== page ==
If you’ve talked with him for just a second, you know him—even if you never officially met.
You know him because you’ve experienced his presence, and you walked away from the exchange feeling lighter, feeling more optimistic, feeling a deep and seemingly limitless connection to this man you hardly know. In a sense, talking with Patrick Murphy Welage is like coming face-to-face with your inner child. Ask him about anything, it seems, and suddenly you feel bubbling up within you this innocence, this joy, this happy-go-lucky enjoyment of conversational play. For Welage, laughter isn’t a random occurrence; it’s a constant companion, a way of life. For him, laughter is yoga—it’s unity with others, with a higher power, with his deepest self.
Welage began practicing laughter seven years ago in Mumbai, India. What at the time was a simple tip (“Go to laughter yoga while you’re in Mumbai; these people stand outside in a park and just laugh,” said a woman at an ashram he was visiting. “I’m not sure where it is, but it’s in a park, and it’s downtown, and I think it’s near the Gateway to India”) became a journey of letting go and sharing the freedom he’s found.
No sooner did Welage arrive in Mumbai than the concierge at his hotel reserved him a spot in a laughter yoga class at the home of Dr. Madan Kataria, a local doctor. Little did Welage know that Kataria is credited with founding (or, more accurately, reviving) the Hasya Yoga, or Laughter Yoga, movement, which he began in 1995 in—you guessed it—a park. And little did our very own Welage know that at some point he’d be touring the world training and teaching alongside the famous physician.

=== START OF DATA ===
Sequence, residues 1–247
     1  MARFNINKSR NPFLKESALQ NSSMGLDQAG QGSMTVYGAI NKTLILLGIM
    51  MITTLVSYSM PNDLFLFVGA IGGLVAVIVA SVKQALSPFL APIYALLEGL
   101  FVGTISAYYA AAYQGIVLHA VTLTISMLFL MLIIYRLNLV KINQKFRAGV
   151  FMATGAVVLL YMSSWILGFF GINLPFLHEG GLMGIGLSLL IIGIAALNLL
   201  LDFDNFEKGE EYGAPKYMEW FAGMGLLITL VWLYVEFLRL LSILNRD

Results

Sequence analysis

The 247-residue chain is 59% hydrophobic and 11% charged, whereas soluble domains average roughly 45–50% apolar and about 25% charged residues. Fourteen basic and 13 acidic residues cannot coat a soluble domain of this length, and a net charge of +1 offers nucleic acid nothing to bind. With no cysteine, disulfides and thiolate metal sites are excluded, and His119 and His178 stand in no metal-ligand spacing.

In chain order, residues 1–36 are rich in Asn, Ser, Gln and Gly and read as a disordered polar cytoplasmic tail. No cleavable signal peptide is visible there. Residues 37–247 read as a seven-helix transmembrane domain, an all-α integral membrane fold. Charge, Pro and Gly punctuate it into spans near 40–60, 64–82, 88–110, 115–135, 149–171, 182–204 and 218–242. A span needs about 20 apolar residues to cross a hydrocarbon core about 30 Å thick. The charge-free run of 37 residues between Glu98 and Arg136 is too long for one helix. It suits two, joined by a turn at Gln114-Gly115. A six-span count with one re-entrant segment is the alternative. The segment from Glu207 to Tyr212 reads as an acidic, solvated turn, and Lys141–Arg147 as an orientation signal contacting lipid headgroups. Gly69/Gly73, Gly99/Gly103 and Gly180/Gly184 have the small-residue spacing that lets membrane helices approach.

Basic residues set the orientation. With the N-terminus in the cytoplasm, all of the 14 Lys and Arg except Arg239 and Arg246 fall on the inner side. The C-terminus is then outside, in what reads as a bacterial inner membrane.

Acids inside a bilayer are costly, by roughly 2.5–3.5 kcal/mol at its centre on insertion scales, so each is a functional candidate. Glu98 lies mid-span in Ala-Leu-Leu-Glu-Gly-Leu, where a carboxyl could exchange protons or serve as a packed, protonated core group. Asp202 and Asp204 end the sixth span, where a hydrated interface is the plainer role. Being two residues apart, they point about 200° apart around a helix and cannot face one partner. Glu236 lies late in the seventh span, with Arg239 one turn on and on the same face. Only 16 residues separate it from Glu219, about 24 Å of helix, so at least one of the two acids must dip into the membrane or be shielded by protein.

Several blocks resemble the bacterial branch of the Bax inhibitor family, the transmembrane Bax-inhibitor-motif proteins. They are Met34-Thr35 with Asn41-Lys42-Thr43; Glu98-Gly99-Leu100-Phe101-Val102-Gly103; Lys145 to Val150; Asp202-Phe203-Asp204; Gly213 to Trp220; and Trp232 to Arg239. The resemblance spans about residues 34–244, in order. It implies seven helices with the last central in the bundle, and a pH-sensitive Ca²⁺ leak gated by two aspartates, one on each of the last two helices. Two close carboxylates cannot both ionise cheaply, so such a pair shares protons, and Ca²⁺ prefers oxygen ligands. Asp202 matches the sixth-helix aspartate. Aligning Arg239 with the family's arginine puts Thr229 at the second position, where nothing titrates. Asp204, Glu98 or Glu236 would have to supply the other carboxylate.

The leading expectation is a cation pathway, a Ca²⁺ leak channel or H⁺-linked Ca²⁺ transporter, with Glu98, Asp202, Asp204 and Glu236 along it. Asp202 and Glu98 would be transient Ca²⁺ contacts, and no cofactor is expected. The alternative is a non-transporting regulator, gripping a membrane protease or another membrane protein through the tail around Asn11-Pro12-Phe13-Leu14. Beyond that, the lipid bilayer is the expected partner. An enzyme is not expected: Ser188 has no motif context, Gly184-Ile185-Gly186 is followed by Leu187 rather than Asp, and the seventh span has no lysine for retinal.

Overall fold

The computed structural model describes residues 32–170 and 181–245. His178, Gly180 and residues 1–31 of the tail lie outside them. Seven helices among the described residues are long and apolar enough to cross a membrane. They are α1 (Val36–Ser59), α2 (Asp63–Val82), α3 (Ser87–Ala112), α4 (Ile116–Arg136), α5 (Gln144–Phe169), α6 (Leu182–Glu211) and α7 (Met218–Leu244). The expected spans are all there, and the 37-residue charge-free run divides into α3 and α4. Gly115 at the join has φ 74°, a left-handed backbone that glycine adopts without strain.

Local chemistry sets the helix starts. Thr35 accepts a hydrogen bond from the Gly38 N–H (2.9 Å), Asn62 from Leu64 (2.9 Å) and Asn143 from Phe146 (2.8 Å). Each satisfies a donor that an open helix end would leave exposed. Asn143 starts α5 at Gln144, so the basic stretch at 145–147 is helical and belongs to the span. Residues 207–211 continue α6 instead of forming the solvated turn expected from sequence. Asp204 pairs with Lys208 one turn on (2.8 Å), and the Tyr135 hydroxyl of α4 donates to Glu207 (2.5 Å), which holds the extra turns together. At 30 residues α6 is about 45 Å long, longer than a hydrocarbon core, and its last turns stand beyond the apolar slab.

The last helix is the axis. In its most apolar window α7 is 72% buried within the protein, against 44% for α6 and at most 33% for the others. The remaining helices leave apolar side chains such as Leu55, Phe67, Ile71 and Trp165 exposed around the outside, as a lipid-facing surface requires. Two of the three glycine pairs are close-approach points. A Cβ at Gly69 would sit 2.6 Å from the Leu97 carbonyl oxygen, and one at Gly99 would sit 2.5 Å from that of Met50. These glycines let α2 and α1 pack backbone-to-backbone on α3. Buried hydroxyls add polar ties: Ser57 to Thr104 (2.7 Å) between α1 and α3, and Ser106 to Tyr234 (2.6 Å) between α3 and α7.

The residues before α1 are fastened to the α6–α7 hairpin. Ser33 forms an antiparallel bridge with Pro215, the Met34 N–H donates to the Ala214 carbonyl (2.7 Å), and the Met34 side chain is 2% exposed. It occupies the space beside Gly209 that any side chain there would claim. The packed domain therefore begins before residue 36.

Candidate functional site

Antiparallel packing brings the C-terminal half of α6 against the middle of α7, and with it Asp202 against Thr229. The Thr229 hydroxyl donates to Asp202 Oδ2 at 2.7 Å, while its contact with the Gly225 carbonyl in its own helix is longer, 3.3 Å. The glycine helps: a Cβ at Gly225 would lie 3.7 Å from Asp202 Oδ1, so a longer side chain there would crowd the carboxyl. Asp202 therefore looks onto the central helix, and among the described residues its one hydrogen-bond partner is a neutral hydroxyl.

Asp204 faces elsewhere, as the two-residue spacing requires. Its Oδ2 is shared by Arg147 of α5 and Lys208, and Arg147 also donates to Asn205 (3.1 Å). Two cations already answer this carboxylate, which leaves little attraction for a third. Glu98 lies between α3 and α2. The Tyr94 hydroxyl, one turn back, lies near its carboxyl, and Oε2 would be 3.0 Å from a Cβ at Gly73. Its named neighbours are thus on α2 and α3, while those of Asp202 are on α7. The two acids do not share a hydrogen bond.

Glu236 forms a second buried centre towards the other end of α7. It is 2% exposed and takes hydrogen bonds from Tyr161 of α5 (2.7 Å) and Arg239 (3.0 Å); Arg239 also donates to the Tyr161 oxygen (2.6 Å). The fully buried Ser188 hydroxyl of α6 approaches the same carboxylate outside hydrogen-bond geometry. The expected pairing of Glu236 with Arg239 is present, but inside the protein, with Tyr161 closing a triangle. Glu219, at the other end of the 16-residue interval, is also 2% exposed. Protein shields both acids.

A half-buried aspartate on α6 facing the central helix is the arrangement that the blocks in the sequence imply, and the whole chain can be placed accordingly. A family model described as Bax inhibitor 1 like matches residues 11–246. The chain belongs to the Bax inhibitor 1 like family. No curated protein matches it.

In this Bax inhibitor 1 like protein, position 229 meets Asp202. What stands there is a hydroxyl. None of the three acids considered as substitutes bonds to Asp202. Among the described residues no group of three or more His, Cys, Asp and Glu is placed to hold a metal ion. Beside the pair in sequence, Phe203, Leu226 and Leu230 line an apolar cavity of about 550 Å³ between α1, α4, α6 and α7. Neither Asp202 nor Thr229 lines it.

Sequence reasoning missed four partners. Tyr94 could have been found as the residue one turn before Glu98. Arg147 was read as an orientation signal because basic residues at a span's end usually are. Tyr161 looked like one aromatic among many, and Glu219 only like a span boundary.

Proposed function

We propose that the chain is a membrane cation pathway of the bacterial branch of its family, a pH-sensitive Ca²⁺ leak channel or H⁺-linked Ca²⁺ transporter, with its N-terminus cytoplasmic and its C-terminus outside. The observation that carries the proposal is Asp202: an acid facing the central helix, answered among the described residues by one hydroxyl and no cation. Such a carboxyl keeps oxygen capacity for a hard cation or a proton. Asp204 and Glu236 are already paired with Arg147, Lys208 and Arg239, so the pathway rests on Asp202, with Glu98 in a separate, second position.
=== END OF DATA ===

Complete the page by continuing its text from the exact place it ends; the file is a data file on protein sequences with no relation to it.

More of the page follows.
Typically, a Laughter Yoga class is anywhere from one to two hours long. In Welage’s classes, he begins by talking about the practice and sometimes showing videos of what goes on in a Laughter Yoga class. Then, he and his students begin with breathing and stretching exercises. “If you’ve never taken a yoga class in your life,” he adds, “that’s fine. You don’t even need a yoga mat.”
After the warmup, the laughter exercises begin. One Welage describes is where you hold out both hands and act as if you’re pouring a milkshake from one glass to another—you make a sound (“aaah”), inflected at the end, as you pour said imaginary milkshake back and forth.
If at some point people lose it and they can’t stop laughing, the teacher has them breathe. “When you lose control of laughter, you’re sort of ‘out there’,” Welage explains. “The instructor helps bring the attention back to the moment, helps calm the laughter. Laughter is contagious; that’s one reason it works. It takes just as long to calm down [as it does to induce spontaneous laughter].”
Regarding his first Laughter Yoga experience at Dr. Kataria’s house, Welage shares, “At first [the class] felt strange and awkward, but then I just immediately plugged into the spirit of it. What I was participating in was a community; I’m stepping into this room of all Indians, almost all women, and they pretty much all know each other. The power of this exercise is that you can go anywhere in the world, and when you laugh with people, you can connect with them.”